Book Review – Through the Bible Through the Year (John Stott)

First of all, a brief apology to regular readers of my blog for my failure to post anything much this year. I have been preparing a Saturday morning theology course to run at my church, on the subject of ecclesiology. Hopefully all the course notes will appear on this blog in due course.

I bought John Stott’s "Through the Bible Through the Year" with the intention of making it my main Bible reading companion for 2007. The basic idea is that he follows the traditional Christian year and works through the Bible in three stages. Part One goes through the story of the Old Testament. Part Two is the life of Jesus. Part Three is the early church (Acts, Epistles and Revelation). Or you can think of it as Father, Son and Spirit as well. If you start in January you do parts two and three first so that the Christmas and Easter stories fall come at the appropriate times.

Each day has a short Bible passage to read followed by a section of John Stott’s comments – usually three or four paragraphs. John Stott is one of my favourite expositors, and as usual his comments are fresh and insightful. Those who have read a lot of his Bible Speaks Today series will recognise some of the material, but it is worth hearing again in succinct form.

Having said all this, I did have a couple of disappointments with this book. First, the Scripture readings for each day are very short. If you only read the suggested passages you will not end up reading very much of the Bible in a year. I found myself wanting to supplement the reading with some extra material, and it was not always easy to keep pace with where the book was. It would have been nice to include extra readings to get you through the entire Bible in a year in a way that kept you roughly in sync with the comments. Also, I think the book could have done with some daily suggestions for prayer and worship.

Anyway, I would recommend this to anyone who does not have a regular habit of Bible reading and doesn’t have much time. It will require only five minutes a day of you and will help you to begin to grasp the overall story-line of the Bible. Anyone in Southampton who wants to borrow my copy to start at Easter is more than welcome.

Book Review – Calling Christian Leaders (John Stott)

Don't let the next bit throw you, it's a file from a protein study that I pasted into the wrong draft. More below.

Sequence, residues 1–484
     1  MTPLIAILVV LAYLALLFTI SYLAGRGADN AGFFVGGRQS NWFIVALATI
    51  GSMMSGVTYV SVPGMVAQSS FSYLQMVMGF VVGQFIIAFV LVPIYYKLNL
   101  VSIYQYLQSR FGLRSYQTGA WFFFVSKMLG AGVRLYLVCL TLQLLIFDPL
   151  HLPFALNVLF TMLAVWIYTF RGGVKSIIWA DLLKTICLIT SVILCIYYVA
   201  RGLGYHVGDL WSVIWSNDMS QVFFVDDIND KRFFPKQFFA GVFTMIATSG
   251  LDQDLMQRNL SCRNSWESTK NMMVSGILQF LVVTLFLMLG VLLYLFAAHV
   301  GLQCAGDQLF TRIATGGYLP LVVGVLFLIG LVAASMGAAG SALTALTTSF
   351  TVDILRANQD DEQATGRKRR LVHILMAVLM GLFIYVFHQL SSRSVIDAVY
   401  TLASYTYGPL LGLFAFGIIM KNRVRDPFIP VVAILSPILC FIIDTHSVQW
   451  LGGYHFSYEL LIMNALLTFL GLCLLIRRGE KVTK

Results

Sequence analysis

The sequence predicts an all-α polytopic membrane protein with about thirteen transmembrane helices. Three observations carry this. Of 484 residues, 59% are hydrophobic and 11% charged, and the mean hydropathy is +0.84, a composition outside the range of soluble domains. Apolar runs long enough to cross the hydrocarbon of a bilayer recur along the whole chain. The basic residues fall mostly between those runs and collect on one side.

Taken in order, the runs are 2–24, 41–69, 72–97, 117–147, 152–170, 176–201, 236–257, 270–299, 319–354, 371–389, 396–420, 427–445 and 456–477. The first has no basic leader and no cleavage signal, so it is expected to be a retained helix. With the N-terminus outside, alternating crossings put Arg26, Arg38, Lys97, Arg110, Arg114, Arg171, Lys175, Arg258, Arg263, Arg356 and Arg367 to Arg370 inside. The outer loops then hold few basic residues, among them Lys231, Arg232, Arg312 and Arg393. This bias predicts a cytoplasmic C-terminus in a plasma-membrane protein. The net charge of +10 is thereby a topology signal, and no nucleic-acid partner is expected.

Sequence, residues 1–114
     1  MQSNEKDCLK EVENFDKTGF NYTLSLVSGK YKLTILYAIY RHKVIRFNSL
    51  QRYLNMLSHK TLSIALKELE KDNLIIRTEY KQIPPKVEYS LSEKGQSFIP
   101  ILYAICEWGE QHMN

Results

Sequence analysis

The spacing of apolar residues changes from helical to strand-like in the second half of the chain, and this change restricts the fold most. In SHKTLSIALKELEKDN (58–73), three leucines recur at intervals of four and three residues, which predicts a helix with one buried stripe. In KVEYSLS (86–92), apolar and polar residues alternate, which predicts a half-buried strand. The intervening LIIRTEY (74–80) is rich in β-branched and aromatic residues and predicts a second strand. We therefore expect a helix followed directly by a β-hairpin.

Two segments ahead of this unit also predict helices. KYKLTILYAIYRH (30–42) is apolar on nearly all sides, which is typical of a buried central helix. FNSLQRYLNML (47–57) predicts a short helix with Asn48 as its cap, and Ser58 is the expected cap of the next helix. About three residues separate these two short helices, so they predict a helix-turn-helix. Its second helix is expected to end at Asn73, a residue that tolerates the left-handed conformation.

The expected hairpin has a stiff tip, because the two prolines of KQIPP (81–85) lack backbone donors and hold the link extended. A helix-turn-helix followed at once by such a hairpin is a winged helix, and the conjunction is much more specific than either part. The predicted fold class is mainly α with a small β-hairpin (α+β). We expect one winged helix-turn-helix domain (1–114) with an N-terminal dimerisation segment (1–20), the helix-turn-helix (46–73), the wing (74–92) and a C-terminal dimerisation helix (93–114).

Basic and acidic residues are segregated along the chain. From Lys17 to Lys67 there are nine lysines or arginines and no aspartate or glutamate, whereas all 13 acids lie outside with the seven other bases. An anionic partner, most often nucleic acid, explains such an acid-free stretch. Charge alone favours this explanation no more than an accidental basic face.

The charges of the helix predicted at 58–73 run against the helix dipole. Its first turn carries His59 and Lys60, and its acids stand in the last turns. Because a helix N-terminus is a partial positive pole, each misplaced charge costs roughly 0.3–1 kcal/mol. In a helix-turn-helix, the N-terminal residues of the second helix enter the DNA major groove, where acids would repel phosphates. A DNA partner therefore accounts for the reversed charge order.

This short book is an exposition of 1 Corinthians 1-4, focusing particularly on Christian leadership. Stott breaks the four chapters into five sections. The first is on the “ambiguity” of the church – the church is a painful paradox – what it claims to be is not what it seems to be. It is holy yet becoming holy, one yet divided. With regards to holiness he warns of the opposite dangers of perfectionism (failing to appreciate that there will always be sinners in any church) and defeatism (giving up opposing sin and tolerating it in the church).

The second section takes on the theme of power through weakness. Stott explains how the only power of the church is found in Jesus, in the cross and in the Spirit. He warns of the corrupting desire for power, and calls us to examine our motives even when we pray for power – why do we want it? The gospel demonstrates power through weakness, and so should the church. It is important then that leaders exemplify this principle and reject worldly models of leadership.

The third section is on the Spirit and the Scripture. He speaks of the twin gifts of our salvation and the Spirit, before explaining the relationship between the Spirit and the Bible. The Spirit not only inspired the Bible, but illuminates us as we read. He takes some time to clarify what is meant and what is not meant by “verbal inspiration” of Scripture.

The fourth chapter explores various pictures of the church – a field, a building, a temple. A higher view of the church will actually result in a lower view of leaders – as we understand that it is God who gives the growth.

The fifth and final chapter deals directly with the topic of leadership, and calls for loving, gentle and humble leadership as opposed to the autocratic models too often found in churches.

As with all John Stott’s books, this one is marked by careful exegesis and reverent submission to the Word of God. As usual he is humble, gracious, thought-provoking and insightful in his teaching. It could be read in a few hours, and would be useful as a guide for anyone preaching or studying their way through the first four chapters of 1 Corinthians.

Book Review – The Message of the Sermon on the Mount (John Stott)

This exposition of the Sermon on the Mount was originally published under the title “Christian Counter-Culture”, before being added to the Bible Speaks Today series some years later. Although it only covers three chapters of Matthew, it is a worthy addition to the series, and allows the Sermon to be covered in much more depth than would otherwise be possible. The extra space however, is not devoted to surveys of the various theories about how the sermon came to be in the form it is, but the focus is always kept on practical application for today’s Christians.

While the book doesn’t strictly speaking have an introduction, the opening section on 5:1,2 effectively functions as one. Stott claims that the world is seeking for a counter-culture – a different, and better way to live, but have looked at the church and found confusion instead. He sees the sermon as a call to Christians to demonstrate a genuinely different way of life. He defends the sermon against criticism that it is inauthentic, irrelevant or unattainable. He also argues that it is not a gospel of righteousness by works, but it is a new law that leads us to Christ and shows us how to please God.